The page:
Advisor

Carl Abbott

Date of Award

1-1-2011

Document Type

Dissertation

Degree Name

Doctor of Philosophy (Ph.D.) in Urban Studies

Department

Urban Studies

Physical Description

1 online resource (xvii, 364 p.) : ill. (chiefly col.), maps (some col.)

Subjects

Empowerment, Natural realm, Photo storytelling, Spatial image, Community gardens -- Oregon -- Portland, Place (Philosophy) -- Social aspects, Gardeners -- Attitudes

DOI

10.15760/etd.307

Abstract

The study examines social and physical connections and images that define the sense of place of three community gardens managed by the City of Portland. Most research on community gardens focuses on social group connections and their impact on community revitalization and empowerment. Few studies consider the impact of physical and social connections to community gardens from the perspective of individual gardeners in constructing their sense of place. No studies have yet examined the relationship between spatial images, space connections, and empowerment feelings related to community gardens. This study is intended to initiate a discussion on the empowerment experience of individual gardeners and their images associated with community gardens in the context of sense of place. Thirty gardeners participated in the study. The use of the narrative photo storytelling method applied through de Certeau's practice of everyday life and narrative city approach enabled gardeners to express in their own terms connections to space and experience of empowerment achieved through community gardening. The study proposes the concept of the Natural Realm as the context for sense of place of Portland Community gardens. Natural Realm deemphasizes the human-centric view of nature. Community gardeners most commonly experience empowerment by perceiving community gardens as sacred places where people feel well because they can grow healthy food, practice green domesticity, and learn from nature in a beautiful setting. The study applies Rocha's ladder of empowerment to examine the relevance of individual and group action in fulfilling empowerment goals in the context of sense of place. Gardeners accomplish most of their empowerment goals through solitary efforts to maximize pleasurable activities and increase personal efficacy and satisfaction by optimizing physical and social connections in community gardens.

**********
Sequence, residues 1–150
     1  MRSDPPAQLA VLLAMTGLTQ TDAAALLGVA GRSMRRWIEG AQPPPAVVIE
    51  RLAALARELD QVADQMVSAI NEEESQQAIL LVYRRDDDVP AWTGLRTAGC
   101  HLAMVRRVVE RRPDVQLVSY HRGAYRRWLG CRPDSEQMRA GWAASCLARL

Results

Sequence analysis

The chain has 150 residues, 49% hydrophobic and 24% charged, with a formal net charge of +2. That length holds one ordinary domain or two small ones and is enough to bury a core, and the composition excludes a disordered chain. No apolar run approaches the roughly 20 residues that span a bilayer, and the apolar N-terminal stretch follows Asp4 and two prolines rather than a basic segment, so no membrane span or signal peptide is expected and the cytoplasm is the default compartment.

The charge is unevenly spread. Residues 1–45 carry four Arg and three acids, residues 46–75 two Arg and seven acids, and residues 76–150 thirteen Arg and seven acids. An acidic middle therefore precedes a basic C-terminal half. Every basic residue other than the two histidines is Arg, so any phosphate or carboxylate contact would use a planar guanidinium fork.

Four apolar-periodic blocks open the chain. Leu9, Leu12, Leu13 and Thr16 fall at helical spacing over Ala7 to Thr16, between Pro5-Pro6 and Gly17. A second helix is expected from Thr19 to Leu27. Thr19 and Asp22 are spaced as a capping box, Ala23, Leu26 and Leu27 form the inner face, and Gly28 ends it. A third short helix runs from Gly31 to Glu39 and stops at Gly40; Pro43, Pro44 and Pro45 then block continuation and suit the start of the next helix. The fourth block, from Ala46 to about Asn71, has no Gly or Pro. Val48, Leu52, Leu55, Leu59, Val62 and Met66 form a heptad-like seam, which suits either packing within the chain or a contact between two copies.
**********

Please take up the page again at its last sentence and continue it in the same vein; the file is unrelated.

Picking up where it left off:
Persistent Identifier

http://archives.pdx.edu/ds/psu/7085

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